We’re currently facing a candidate-driven market, which has made the candidate experience more important than ever. Companies are taking note that a positive recruiting process attracts the A Players your company is searching for. We know that the candidate experience isn’t cut and dry. For that reason, we’ve listened to your frequently asked questions and have prepared answers gleaned from the expertise of our thousands of clients.
At what point does the candidate experience begin?
This question can be tricky to answer as experts in Human Resources tend to have a different opinion of the “official” starting point of the candidate experience. Some will tell you that this experience begins with their first interaction with the company, while others believe that the candidate experience starts when a candidate fills out an application. The hard fact is...there is technically no right or wrong answer to this pressing question.
Most experts, however, will agree that a company’s brand does play into a candidate’s choice to apply. Is your company’s brand quirky and off the wall? Your business will likely be noticing more applications from creative go-getters than a company who has a reputation of being sleek and by the books. And thus, the candidate experience is born at company awareness.
When does the candidate experience end?
Although experts draw a blurred line for the beginning of the candidate experience, there is a more defined ending point. A candidate turns into an employee on their first day in their new position. The onboarding process acts as a transition time from the candidate experience to the Employee Experience.
What do candidates really want from the candidate experience?
Although the candidate experience at Zappos will be very different from the candidate experience at Apple, candidates for both companies have basic expectations that all companies should address from the beginning of the recruitment process.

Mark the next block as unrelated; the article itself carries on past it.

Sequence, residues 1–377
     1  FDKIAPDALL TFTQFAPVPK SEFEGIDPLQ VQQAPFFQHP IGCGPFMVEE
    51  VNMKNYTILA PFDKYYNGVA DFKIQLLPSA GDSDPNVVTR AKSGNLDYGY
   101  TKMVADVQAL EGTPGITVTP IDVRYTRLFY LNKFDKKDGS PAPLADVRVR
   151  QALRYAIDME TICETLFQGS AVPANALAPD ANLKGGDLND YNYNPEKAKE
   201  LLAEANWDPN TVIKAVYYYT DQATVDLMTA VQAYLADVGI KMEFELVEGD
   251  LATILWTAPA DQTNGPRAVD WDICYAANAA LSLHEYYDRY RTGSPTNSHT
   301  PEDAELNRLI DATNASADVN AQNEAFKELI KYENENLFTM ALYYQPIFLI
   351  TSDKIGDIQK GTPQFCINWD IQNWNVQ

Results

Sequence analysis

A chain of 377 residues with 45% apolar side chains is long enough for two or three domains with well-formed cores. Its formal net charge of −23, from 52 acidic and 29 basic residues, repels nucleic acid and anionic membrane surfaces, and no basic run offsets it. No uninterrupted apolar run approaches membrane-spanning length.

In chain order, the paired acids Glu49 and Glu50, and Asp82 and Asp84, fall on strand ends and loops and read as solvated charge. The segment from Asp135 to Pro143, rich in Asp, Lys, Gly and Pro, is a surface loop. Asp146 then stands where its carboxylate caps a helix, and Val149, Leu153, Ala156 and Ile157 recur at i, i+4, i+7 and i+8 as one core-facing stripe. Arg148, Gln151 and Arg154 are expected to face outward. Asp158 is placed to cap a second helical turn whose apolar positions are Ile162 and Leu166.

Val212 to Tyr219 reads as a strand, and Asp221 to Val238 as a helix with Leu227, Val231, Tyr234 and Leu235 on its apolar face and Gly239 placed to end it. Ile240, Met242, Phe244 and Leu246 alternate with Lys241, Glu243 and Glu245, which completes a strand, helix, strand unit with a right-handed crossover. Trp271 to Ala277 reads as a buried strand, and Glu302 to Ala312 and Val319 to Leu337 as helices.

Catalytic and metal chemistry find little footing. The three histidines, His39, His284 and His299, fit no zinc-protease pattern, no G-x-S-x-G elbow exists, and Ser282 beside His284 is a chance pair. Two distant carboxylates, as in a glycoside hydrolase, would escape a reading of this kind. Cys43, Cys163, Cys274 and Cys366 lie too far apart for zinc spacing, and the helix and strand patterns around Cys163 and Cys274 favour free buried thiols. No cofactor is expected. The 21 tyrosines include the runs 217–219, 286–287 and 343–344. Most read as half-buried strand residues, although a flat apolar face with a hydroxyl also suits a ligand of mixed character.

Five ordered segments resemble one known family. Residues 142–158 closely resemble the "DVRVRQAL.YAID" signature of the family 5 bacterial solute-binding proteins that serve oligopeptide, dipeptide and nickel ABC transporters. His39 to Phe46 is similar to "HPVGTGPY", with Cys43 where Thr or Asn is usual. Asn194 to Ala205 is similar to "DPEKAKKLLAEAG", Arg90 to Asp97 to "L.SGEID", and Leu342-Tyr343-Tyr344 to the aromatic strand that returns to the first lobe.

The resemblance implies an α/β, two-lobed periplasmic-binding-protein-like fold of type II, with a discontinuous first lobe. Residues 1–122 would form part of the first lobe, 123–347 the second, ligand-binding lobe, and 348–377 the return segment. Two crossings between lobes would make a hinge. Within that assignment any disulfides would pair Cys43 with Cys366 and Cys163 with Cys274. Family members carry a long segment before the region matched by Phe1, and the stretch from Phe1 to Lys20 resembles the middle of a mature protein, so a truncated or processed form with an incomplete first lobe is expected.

- Communication: What platform(s) will communication be coming through? How quickly are responses needed?
- Presumptions: What do applicants anticipate during the recruitment process? What would be expected of them if they were offered the job? What overarching expectations does the company have for all candidates? When do you anticipate to fill this role? On the other hand, what can they expect to gain from this recruitment process?
- Transparency: What is it honestly like to work for your company? Where does their application stand?
Is structure important, or should each experience be customized to the individual?
A structured process is crucial to the candidate experience. Each applicant for a role should go through the same application process, receive communication in the same manner and be asked the same questions during the interview. This will not only help you choose between candidates on a fair playing field, but will also give you the opportunity to evaluate which aspects of your candidate experience are working wonders and which aspects could use a second look.
Is there really a difference between candidate experience and the Employee Experience?
Although similar, the major differentiator between candidate experience and Employee Experience is where they stand in the Talent Management process. You should aim to have a seamless and timely candidate experience that highlights why an individual should choose to work for your company. The Employee Experience, on the other hand, should focus on employee and success, team building and development. Each of these is important to keep your candidates and employees engaged and excited about the company.
Although aspects of the candidate experience remain up to interpretation, there is one undeniable fact that all HR thought leaders can agree upon - the candidate experience matters. Be sure to evaluate your experience to see what pain points your candidates may be having. Need a hand? Check out what ClearCompany has to offer in our Talent Management demo.
As the head of a department in the midst of a sustained period of rapid growth, Sara has spent hundreds of hours interviewing, hiring, onboarding and assessing employees and candidates. She is passionate about sharing the best practices she has learned from both successes and failures in talent acquisition and management.